(87d) Graphene Sheets-Oil Nanocomposites: Equilibrium and Transport Properties From Molecular Simulation
AIChE Annual Meeting
2010 Annual Meeting
Materials Engineering and Sciences Division
Monday, November 8, 2010 - 1:45pm to 2:10pm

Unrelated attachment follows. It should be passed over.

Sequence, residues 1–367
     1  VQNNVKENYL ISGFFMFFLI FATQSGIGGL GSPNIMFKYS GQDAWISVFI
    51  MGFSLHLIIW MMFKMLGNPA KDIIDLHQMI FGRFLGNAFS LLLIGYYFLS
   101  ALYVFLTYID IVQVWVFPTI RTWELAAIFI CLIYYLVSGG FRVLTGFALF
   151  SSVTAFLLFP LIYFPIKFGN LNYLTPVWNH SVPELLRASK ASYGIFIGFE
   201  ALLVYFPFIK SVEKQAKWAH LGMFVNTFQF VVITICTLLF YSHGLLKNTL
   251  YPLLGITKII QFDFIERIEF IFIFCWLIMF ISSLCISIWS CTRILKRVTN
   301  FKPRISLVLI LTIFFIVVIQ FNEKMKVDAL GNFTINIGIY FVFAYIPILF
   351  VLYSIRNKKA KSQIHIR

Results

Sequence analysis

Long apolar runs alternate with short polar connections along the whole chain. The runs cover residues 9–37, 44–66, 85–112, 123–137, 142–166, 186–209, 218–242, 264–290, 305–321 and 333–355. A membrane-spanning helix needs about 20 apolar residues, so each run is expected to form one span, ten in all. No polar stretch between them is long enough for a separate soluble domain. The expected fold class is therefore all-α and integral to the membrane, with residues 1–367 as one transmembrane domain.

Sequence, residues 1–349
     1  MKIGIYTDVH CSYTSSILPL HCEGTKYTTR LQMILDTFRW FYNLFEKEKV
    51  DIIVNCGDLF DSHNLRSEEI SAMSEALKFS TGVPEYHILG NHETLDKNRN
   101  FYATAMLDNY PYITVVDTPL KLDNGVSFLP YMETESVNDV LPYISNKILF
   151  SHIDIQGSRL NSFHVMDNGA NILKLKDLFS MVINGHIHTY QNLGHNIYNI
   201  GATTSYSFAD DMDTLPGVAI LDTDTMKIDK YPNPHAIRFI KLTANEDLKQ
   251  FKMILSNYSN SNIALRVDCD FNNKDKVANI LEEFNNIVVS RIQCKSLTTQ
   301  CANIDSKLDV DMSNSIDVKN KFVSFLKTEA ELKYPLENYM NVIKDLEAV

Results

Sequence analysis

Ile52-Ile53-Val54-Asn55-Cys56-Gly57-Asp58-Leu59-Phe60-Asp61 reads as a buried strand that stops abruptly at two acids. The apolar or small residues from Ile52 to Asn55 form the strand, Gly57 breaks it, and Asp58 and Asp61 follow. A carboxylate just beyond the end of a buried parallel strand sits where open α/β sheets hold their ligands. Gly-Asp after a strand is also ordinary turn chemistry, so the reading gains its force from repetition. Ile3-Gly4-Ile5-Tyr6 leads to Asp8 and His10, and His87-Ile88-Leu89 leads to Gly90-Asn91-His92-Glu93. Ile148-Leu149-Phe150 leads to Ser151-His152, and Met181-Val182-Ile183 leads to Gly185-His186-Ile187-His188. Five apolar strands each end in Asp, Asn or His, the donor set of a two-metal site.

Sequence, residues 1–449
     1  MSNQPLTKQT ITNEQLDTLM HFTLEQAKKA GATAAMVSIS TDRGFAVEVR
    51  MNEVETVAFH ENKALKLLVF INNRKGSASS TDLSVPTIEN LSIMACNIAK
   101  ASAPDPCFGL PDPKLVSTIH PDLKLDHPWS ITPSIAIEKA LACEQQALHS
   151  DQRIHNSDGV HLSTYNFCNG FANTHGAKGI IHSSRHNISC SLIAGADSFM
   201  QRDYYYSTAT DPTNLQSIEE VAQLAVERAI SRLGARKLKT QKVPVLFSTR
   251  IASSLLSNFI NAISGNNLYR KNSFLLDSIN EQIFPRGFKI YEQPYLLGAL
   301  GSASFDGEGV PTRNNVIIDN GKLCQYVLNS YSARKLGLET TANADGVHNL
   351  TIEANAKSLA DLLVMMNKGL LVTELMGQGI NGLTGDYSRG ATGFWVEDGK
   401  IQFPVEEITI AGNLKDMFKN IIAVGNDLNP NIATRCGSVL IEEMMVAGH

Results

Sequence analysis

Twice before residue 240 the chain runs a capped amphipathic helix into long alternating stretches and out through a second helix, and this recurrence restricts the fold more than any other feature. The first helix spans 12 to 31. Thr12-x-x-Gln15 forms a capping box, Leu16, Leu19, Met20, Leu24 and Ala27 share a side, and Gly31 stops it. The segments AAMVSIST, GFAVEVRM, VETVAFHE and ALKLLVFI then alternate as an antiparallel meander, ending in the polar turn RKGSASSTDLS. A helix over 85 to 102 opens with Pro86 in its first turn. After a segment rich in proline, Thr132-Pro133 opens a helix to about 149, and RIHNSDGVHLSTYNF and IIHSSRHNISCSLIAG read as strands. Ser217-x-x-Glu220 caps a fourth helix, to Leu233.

Nanostructured materials hold unrestricted promises in material sciences. It has long been thought that dispersing nanoparticles in a polymer blend can enhance both mechanical and transport properties. It would be for example desirable to generate a polymer nanocomposite with high thermal conductivity. Such materials could be obtained by dispersing thermally conductive nanoparticles within polymers. Carbon-based nanoparticles are extremely promising towards these goals, although the use of carbon nanotubes is hindered by high resistance to heat transfer from the nanotubes to the polymer matrix. We are interested in composites in which graphene sheets (GS) are dispersed within organic oils. Although pristine GS agglomerate when dispersed in oils such as octane, hexane and dodecane, our equilibrium molecular dynamic simulations demonstrate that when the GS are functionalized with short branched hydrocarbons, they remain well dispersed within the oils. We are now conducting equilibrium and non-equilibrium molecular dynamics simulations to assess the effective interactions between GS dispersed in oils, the self-assembly of GS within oils, the structure of the fluid surrounding the GS, and the heat transfer from a GS to the surrounding matrix. Our tools are designed to understand the effect of GS size, oils molecular weight and molecular architecture on the GS dispersability and GS-oil heat transfer rate. For example, we detail the formation of nematic phases for grapheme sheets in oils at room conditions as a function of the grapheme volume fraction. As expected, the transition from isotropic to nematic phase occurs at lower grapheme sheet concentrations as the grapheme sheet size increases. As a consequence of the anisotropic molecular-level structure, a number of macroscopic properties show anisotropic behavior. We will discuss here our results, obtained conducting non-equilibrium molecular simulations and macroscopic modeling, for heat conductivity predicted for graphene-based nanocomposites.